Sec. Gale outlines election security ahead of May primary
Secretary of State John Gale is assuring voters that election security remains his highest priority, as the first round of ballots are prepared to be sent for the May 15 primary election.
Ballots must be sent to overseas and military voters by March 30. In Nebraska, early voting by mail will begin on April 9.
Addressing the issue of cybersecurity, Gale said his office has continued to build on defenses implemented prior to and during the 2016 presidential election.
“This issue remains a top focus of my administration. Fortunately, in the period since the last election, more resources have been made available to all states to help assess potential threats.”
Gale said his office has had ongoing contact with regional representatives from the Department of Homeland Security.
“They have offered services designed to detect any hacking attempts made to our election management system as well as to the system that we utilize to publish race results on Election Day.”
As it did in 2016, the state will partner with multiple vendors to conduct the upcoming election. Primary among them is Election Systems and Software (ES&S), the election system provider for Nebraska and multiple other states.
“ES&S continues to conduct scans of its own systems, as do the other vendors that we enlist. Protections are in place to ensure that tampering is easily detected and that if something were to occur, backup data is accessible.”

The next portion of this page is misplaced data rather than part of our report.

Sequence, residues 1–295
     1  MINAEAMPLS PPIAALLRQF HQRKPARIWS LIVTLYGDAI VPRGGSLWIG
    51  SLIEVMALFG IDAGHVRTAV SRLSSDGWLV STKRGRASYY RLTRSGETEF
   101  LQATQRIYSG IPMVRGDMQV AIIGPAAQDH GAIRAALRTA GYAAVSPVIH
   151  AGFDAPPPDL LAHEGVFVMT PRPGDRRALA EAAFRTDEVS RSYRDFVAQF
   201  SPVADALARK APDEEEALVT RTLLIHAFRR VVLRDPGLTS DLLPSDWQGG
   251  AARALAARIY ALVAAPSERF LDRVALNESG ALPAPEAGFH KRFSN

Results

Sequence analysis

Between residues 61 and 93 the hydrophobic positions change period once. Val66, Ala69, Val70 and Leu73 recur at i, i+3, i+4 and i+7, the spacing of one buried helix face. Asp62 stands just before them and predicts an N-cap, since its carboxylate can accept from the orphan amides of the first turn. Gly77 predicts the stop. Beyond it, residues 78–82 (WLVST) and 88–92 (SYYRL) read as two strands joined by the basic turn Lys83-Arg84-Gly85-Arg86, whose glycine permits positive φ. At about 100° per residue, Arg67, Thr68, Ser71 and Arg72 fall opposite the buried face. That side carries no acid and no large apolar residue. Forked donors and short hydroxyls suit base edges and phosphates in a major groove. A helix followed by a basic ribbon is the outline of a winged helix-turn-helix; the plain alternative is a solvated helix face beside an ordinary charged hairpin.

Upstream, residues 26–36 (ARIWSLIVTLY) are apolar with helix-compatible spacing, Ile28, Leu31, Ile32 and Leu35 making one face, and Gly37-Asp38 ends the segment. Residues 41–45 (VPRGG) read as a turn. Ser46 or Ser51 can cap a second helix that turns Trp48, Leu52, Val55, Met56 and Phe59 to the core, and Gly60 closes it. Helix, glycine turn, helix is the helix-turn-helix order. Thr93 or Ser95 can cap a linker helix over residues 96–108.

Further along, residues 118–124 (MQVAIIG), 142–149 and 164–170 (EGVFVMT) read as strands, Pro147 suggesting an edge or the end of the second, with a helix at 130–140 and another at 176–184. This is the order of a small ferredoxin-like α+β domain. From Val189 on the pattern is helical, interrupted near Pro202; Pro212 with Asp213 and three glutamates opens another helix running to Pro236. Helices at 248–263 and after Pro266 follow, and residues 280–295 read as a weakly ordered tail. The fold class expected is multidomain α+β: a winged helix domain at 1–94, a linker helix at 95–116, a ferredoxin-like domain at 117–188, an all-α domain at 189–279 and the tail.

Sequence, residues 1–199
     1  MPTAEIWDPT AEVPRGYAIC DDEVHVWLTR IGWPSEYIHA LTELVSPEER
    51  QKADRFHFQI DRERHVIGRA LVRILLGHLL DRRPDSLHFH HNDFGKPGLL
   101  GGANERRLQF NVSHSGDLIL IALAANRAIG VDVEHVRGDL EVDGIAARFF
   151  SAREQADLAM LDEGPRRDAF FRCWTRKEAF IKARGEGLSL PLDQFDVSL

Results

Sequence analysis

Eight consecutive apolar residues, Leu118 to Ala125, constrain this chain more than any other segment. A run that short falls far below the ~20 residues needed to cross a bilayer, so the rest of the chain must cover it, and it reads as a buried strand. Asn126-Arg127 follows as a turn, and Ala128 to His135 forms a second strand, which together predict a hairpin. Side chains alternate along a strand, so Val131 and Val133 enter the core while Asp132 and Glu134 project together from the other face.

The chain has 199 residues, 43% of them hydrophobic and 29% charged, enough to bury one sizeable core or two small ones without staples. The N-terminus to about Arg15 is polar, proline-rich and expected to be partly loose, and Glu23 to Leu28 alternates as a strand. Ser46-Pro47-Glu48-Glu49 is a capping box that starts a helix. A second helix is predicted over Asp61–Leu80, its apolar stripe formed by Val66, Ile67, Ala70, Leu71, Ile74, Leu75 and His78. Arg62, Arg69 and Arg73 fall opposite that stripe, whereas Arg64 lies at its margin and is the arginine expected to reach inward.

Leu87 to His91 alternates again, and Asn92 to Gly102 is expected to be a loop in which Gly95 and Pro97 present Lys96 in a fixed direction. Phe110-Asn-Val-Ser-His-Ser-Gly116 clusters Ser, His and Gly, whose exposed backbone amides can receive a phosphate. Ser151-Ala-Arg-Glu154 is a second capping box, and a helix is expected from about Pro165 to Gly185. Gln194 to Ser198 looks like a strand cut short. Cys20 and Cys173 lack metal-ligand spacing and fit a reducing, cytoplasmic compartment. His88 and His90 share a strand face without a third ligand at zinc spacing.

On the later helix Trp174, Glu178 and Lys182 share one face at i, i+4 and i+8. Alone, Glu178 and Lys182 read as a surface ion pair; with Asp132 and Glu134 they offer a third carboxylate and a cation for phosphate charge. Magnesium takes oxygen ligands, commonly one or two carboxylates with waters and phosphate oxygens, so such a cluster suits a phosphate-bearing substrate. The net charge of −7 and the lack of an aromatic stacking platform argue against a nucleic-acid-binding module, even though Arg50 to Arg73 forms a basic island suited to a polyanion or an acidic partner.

Gale also emphasized that race results are transmitted through a secure website and that all official results are based on the tabulation of paper ballots.
“Nebraska has always relied on paper ballots for official results. So, if someone were to hack into or corrupt results posted on the Secretary of State’s website on Election Day, it would not change the actual outcome of the election.”
In addition to protective steps implemented by vendors and programs offered through the Department of Homeland Security, Gale also stressed the cooperative efforts of the 93 county election officials across the state. “They have also had to increase their awareness of cybersecurity threats and make sure they follow best practices to reduce their vulnerability to hacking attempts.”
Gale said cybersecurity threats, while not new, were certainly elevated as a result of the 2016 election. “My office has been taking steps to ensure the security of our statewide election system for more than a decade and it will remain a top focus heading into the future. Nebraska citizens should feel confident that their ballot will be secure and will be counted on Election Day.”